• Rinse or wipe surfaces thoroughly using a clean cloth and plain water after cleaning to remove chemical residue.

What children’s products require disinfection?

  • Changing tables, Potty chairs and Diaper pails can be wiped down with approved household disinfectant wipes but, as with all items below, first check the manufacturer’s instructions.
  • Plastic toys in contact with a child’s mouth, including pacifiers, can typically be cleaned in the dishwasher.
  • Toys can be wiped down with approved household disinfectant wipes, washed with soap and water, and machine-washable toys can be put into the washing machine.
  • Cribs, cots, and mats can be wiped down with approved household disinfectant wipes.
  • Play-activity centers can be wiped down with approved household disinfectant wipes.
  • Strollers can be wiped down with approved household disinfectant wipes.
  • The Centers for Disease Control and Prevention recommends that certain products be disinfected using an Environmental Protection Agency (EPA)-registered disinfectant. However, car safety seats and seat belts may be cleaned but must not be disinfected, because chemicals can degrade the necessary strength needed to keep children safe. Please refer to these specific tips for car seats.
    • Caregivers should use alternate means to prevent transmission of COVID-19 during transportation including following established precautions, including physical/social distancing, using cloth face coverings, and practicing hand hygiene.

For those concerned about the potentially toxic effects of disinfectants, rinsing the cleaned items with plain water should help relieve these concerns. For the purposes of this article, natural disinfectants will not be discussed, and parents are encouraged to adequately research the effectiveness of whichever options they choose. To assist in making this decision, please consult with your child’s Pediatrician or Family Physician. For accidental ingestion or eye/skin exposure, contact Poison Control immediately: 1-800-222-1222.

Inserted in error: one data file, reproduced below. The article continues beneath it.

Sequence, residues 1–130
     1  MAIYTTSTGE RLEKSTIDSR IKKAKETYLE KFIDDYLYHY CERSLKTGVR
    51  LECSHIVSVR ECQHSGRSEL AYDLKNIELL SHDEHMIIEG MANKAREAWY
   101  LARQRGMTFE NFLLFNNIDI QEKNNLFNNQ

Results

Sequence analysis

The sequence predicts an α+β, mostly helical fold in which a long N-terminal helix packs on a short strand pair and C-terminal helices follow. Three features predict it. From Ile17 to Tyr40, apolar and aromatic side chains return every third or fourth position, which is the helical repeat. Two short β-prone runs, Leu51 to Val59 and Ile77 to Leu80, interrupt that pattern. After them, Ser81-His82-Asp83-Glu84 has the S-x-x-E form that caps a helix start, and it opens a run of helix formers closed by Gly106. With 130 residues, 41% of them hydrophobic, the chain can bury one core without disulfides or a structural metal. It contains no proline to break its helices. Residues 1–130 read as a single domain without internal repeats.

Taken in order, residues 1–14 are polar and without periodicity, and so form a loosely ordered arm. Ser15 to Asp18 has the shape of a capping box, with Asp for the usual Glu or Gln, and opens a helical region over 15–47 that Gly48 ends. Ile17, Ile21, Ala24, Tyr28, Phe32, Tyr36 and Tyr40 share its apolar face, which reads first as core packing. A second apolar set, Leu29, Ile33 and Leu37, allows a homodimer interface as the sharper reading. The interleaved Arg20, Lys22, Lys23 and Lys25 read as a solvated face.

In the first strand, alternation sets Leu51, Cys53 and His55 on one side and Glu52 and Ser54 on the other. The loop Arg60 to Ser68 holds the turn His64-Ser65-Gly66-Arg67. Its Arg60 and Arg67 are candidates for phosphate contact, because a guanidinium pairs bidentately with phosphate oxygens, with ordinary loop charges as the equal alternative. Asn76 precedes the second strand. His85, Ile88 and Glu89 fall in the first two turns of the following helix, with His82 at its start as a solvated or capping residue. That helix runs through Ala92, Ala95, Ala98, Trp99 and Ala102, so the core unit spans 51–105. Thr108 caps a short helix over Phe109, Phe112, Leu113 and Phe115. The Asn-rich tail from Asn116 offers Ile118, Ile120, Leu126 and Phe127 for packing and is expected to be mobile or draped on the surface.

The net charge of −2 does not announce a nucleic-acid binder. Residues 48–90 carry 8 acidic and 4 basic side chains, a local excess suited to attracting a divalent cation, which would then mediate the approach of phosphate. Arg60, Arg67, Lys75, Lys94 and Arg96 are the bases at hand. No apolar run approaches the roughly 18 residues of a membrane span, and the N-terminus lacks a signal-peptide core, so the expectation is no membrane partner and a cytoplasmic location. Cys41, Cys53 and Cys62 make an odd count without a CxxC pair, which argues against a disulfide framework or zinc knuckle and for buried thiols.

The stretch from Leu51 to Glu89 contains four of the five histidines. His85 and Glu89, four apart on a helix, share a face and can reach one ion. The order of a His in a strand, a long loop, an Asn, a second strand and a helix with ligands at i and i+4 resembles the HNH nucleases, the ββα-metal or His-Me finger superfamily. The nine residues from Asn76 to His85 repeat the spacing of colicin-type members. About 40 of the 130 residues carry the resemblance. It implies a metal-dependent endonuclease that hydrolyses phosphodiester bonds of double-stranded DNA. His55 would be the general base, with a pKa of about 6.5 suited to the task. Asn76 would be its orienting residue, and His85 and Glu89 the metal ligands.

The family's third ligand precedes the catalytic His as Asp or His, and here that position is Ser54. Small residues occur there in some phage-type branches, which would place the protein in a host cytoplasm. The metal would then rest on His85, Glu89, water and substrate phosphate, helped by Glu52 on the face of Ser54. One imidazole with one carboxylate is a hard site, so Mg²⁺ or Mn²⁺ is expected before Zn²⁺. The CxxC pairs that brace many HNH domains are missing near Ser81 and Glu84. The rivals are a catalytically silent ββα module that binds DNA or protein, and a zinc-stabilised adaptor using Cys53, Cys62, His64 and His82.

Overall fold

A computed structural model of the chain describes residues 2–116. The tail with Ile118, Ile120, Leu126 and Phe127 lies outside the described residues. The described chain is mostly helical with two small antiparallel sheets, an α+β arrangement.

While contact with germs is unavoidable, the health and safety of our children is most important. Appropriately cleaning and caring for household items helps to maintain their quality and usefulness for years to come. Most importantly, disinfecting the surfaces in contact with the littlest members of our families, ensures a bright and healthy future for them as well.


Written By:
Mia Armstrong, MD

About the author: Mia Armstrong, MD is a Board-Certified Pediatrician and a fellow of the American Academy of Pediatrics. According to her mother, she dreamed of becoming a Pediatrician since the age of three years old! She accomplished her goal by receiving her Medical Degree from the Medical College of Georgia in Augusta, GA. She completed her Pediatrics training in Jackson, MS at the University of Mississippi. Dr. Armstrong loves caring for children and teaching families how to be healthy! Though she enjoys working with children of all ages, she has a special interest in teaching new parents to care for their newborns and offering breastfeeding support as a Certified Lactation Counselor. Her other medical interests include asthma education, routine well care, and immunizations. She also enjoys traveling and exploring new cuisines and adventures. Dr. Armstrong loves to talk, never meets a stranger, and is excited to share her insight with parents everywhere through her blogs!